Here’s a homework assignment: Next time you’re at the liquor store, stand in front of the craft beer cooler and inventory the various flavor profiles. You’ll see the standard IPAs and Belgians, yes, but see if you notice the presence of something else: added flavors.
Going back a few years, we saw beers with spices like grains of paradise (Samuel Adams’ Summer Ale popularized this, and the spice began popping up in other craft beers). This summer, grapefruit is the ubiquitous flavor.
From Ballast Point’s Grapefruit Sculpin IPA to Harpoon’s Grapefruit Shandy to Shiner Bock’s grapefruit-laced Ruby Red Bird, it appears craft beer makers have chosen the tangy winter citrus as their flavor du jour for the time being.
That can change quickly, however, with the changing tastes of the American eater/drinker. Flavor trends drift in and out of popularity every year, and entire industries exist simply to develop and market the flavors American consumers are craving. See: the current sweet and spicy Sriracha boom, the growing fascination with fermented and other sour foods and beverages, and the ubiquity of smoky and oaky flavors on menus and store shelves.
According to London-based market research firm Euromonitor International, Americans consume more than 600 million pounds of synthetic flavorings a year. BBC research on global flavor and fragrance commerce estimates that by 2019, the industry will be worth $35.5 billion. In North America alone, the market was $7.1 billion in 2013, but will be $9.9 billion by 2019.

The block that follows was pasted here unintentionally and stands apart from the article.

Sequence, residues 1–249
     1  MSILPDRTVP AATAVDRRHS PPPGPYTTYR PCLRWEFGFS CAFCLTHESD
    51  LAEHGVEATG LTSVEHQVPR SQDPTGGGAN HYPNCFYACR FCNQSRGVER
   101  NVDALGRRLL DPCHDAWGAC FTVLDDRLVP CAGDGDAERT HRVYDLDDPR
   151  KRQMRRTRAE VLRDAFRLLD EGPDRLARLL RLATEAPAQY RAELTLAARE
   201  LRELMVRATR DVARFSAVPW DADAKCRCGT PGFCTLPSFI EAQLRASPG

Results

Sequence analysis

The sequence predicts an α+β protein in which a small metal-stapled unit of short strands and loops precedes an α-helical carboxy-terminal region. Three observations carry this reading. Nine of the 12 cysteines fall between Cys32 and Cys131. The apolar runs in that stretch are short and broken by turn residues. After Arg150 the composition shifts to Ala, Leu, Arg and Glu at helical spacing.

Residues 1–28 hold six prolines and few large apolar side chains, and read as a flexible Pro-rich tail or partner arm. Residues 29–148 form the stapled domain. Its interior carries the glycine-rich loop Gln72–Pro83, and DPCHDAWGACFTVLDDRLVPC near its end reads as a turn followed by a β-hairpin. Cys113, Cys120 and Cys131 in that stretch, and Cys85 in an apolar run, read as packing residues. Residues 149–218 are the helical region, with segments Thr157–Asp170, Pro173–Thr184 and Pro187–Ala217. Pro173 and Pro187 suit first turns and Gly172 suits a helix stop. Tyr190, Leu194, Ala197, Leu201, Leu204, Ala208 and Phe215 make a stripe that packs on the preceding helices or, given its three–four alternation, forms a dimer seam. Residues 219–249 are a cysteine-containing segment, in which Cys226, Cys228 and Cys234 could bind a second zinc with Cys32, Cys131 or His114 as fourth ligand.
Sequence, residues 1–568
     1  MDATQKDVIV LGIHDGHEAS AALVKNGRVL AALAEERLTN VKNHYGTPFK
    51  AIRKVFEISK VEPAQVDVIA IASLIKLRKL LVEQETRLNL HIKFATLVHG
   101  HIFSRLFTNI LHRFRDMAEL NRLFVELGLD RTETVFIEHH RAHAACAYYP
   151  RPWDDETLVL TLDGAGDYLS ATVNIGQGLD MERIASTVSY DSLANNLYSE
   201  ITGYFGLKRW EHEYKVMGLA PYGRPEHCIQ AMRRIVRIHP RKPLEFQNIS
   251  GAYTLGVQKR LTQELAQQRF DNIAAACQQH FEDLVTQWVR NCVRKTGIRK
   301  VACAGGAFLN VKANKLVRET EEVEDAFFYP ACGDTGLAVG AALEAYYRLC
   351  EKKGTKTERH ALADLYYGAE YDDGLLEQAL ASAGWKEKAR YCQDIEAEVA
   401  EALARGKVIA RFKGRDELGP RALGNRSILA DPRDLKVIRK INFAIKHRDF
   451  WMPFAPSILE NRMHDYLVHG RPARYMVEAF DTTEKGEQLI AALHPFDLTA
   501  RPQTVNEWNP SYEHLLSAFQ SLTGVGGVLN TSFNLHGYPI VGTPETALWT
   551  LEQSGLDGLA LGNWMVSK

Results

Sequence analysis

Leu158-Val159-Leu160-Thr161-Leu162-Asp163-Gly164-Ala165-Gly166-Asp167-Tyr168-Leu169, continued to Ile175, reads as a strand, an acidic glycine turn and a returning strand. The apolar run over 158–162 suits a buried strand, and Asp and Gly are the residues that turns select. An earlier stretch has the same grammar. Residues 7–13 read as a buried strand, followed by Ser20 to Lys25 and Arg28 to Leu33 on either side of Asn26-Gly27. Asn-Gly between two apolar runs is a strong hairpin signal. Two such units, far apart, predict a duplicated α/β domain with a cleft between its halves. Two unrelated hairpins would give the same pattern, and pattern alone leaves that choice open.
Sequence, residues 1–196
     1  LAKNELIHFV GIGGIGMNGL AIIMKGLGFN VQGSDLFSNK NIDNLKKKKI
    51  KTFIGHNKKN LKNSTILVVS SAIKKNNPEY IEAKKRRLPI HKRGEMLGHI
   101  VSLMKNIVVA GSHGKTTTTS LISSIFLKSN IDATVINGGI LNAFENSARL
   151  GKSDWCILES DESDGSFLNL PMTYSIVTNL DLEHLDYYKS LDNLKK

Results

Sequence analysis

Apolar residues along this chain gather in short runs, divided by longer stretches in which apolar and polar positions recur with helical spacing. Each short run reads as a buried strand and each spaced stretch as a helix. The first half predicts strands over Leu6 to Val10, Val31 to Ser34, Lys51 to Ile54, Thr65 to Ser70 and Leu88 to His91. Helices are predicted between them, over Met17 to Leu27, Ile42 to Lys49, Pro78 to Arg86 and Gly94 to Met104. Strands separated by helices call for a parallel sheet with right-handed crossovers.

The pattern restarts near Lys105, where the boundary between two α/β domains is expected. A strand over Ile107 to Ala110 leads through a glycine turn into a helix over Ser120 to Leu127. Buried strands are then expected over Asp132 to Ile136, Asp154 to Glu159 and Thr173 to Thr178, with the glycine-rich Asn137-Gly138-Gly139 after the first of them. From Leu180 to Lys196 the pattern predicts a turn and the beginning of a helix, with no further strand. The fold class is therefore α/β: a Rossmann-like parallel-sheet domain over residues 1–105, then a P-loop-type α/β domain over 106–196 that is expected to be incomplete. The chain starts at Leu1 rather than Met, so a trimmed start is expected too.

There’s a simple, human-nature reason for this: taste is the reason why we choose to eat. Put another way, we eat because food tastes delicious. As Mark Schatzker wrote in the Washington Post earlier this year, “the human body takes flavor very seriously. Our flavor-sensing equipment occupies more DNA than any other bodily system. If deliciousness is our enemy, why are we programmed to seek it out?”
The answer, which Schatzker outlined in more detail in his new book, The Dorito Effect: The Surprising New Truth About Food and Flavor, is that we’re wired to do so. In study after study, he writes, humans–from tiny toddlers to adults–crave and make nutrition decisions based on food flavors.
Marketers know this. It’s why an increasingly ethnically diverse population has resulted in a glut of Latin and Asian flavor combinations popping up everywhere from white tablecloth restaurants to fast-casual joints to the chip aisle. Flavor trends in the beverage industry tend to precede food flavoring. Perhaps we should expect to see Grapefruit Doritos in the next year or so?
Noting that actual food–industrial tomatoes, for instance–has actually gotten more bland over the last half-century (driving us into the arms of artificial flavoring), Schatzker concludes with a startling suggestion: instead of running away from our attraction to flavor, “spend money on the good stuff.”
“Start eating food that tastes better,” he concludes. “We’ll all be skinnier, healthier, and a whole lot happier.”
Photo credit: debs via Flickr